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  1. #1
    Join Date
    Nov 2004
    Location
    Camarillo, CA, USA
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    312

    Question PH levels in hive?

    I was just reading Randy Olivers web site about pollen subs, and was reminded of a question that still persists for me.

    PH levels in the hive, or better in different areas of the hive, ie honey, pollen, bee bread brood etc

    How to measure, what ranges are good/bad and why.

    How or does feeding pollen sub or syrup with diffrent ph levels change or control the ph levels in the hive?

    The larger question is how important is this as a management tool for our current industry.

    Has anyone tested pollen sub with low or high ph levels on large samples of hives and have any correlation or observations been made?

    Thanks for the insights in advance
    Larry Pender,Jubilee HoneyBee Company,Camarillo, CA

  2. #2
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    Brasher Falls, NY, USA
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    Default

    Does anybody really do that, measure pH levels in their hives? Talk about micro managing. Who has the time?
    Mark Berninghausen To combat Ebola, please consider supporting http://www.doctorswithoutborders.org


  3. #3
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    Nov 2004
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    Camarillo, CA, USA
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    Default

    Do you have any better ideas?

    Our industry is rapidly changing and those who learn & adapt will porosper

    I have found that we are consistantly lossing 30 to 40 % of hives each year and I do not like it.

    Larry
    Larry Pender,Jubilee HoneyBee Company,Camarillo, CA

  4. #4
    Join Date
    Oct 2007
    Location
    VENTURA, California, USA
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    3,604

    Default Who has the time?

    If I gave you the proven data, would you be interested.
    Ernie
    Ernie
    My websitehttp://bees4u.com/

  5. #5
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    Jan 2003
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    Manitoba Canada
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    Default

    If there is something to this idea, then its worth looking at. Who knows.

    Honestly I never hear of this before,
    Ian Steppler >> Canadian Beekeeper's Blog
    www.stepplerfarms.com

  6. #6
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    Dec 2005
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    Brasher Falls, NY, USA
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    Default

    Quote Originally Posted by BEES4U View Post
    If I gave you the proven data, would you be interested.
    Ernie
    Proven data about what?

    In my opinion, as beekeepers, there are lots and lots of things that we can worry about. And every so often there is something new that we never had to worry about before, such as tacheal mites, varroa mites, nosema cerana, etc. But somehow we survive these crisees. If you survive enough of them you get to a point in your life that when another one comes along you just say to yourself, "Yup, been there done that. What else is new?", and go on doing what you can.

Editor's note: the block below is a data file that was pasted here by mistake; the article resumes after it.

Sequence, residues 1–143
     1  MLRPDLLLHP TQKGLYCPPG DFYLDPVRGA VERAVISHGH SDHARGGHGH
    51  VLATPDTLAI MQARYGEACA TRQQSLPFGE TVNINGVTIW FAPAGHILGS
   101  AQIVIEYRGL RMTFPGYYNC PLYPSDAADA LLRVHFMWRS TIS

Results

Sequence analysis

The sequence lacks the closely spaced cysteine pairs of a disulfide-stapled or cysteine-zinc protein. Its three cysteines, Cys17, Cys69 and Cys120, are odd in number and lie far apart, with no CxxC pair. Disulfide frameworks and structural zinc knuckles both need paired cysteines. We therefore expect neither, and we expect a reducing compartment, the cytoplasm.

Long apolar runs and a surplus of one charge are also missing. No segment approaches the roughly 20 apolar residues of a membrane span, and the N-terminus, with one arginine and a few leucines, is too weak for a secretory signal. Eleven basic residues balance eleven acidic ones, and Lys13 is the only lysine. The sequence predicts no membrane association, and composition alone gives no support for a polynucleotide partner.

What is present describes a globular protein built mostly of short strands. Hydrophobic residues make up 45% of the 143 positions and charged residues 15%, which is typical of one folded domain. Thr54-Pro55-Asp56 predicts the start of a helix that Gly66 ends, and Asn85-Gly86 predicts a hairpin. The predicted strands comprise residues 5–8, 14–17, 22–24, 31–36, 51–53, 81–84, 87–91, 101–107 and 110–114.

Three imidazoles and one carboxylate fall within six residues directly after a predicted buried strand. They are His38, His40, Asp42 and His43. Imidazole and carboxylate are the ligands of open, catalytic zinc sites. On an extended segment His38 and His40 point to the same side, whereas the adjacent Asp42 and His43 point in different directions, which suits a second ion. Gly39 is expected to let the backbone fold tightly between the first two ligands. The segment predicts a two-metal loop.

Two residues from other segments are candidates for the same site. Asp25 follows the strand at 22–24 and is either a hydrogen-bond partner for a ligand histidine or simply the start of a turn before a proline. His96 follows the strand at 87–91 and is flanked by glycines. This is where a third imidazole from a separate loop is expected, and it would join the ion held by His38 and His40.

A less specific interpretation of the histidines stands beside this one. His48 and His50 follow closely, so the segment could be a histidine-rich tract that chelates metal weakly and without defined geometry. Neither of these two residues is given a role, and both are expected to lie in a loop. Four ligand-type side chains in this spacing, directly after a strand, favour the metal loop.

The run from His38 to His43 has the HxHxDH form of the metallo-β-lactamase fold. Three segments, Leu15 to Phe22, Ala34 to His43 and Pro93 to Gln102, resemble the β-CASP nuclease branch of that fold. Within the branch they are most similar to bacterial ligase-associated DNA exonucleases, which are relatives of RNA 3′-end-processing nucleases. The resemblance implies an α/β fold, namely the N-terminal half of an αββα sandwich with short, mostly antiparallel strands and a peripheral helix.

Keep your bees!!

    I have enough to do keeping my colonies alive w/out checking each and every one of them for pH levels. What can you do about it anyway, economically speaking?
    Mark Berninghausen To combat Ebola, please consider supporting http://www.doctorswithoutborders.org


  7. #7
    Join Date
    Dec 2006
    Location
    Amador County, Calif
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    Default

    Quote Originally Posted by LSPender View Post
    Do you have any better ideas?

    Our industry is rapidly changing and those who learn & adapt will porosper

    I have found that we are consistantly lossing 30 to 40 % of hives each year and I do not like it.

    Larry
    Larry, I am the person who's been doing the test"s for a while now. We have been losing 5-7% loss rate over the winter for the past ten years or so.

    Your post "topic" is a good one.

  8. #8
    Join Date
    Aug 2002
    Location
    Nehawka, Nebraska USA
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    Default

    Sugar syrup has a much higher pH (6.0) than Honey (3.2 to 4.5) (Sugar is more alkali)

    This affects the reproductive capability of virtually every brood disease in bees plus Nosema. They all reproduce better at pH 6.0 than at 4.5.

    Try a search on any brood disease or Nosema apis or cerana and "culture" you'll find what pH they use to culture these. e.g. "AFB pH culture" as search terms in google and see what you can find. Here's an example:

    "Lower pH values (equivalent to those found in honey, pollen, and brood food) drastically reduced enlargement and germ-tube production. Ascosphaera apis appears to be a pathogen highly specialized for life in honeybee larvae."--Author. Dept. Biological Sci., Plymouth Polytechnic, Drake Circus, Plymouth PL4 8AA, Devon, UK. Library code: Bb. Language: En. Apicultural Abstracts from IBRA: 4101024

    The other 8,000 microorganisms that live in the are also affect by changes in pH. Using sugar syrup disrupts the ecological balance of they hive by disrupting the pH of the food in the hive and the food in the bees’ gut.

    "It is well known that improper diet makes one susceptible to disease. Now is it not reasonable to believe that extensive feeding of sugar to bees makes them more susceptible to American Foul Brood and other bee disease? It is known that American Foul Brood is more prevalent in the north than in the south. Why? Is it not because more sugar is fed to bees in the north while here in the south the bees can gather nectar most of the year which makes feeding sugar syrup unnecessary?"--Better Queens, Jay Smith

    This was just an observation on his part, but we know that AFB reproduces better at 6.0 than 4.5.

    All of this, of course, is ignoring the nutrition of honey and it's also ignoring the opposite roller coaster of putting formic acid or oxalic acid in the hive and shifting it dramatically the other direction and killing even more beneficial microorganisms.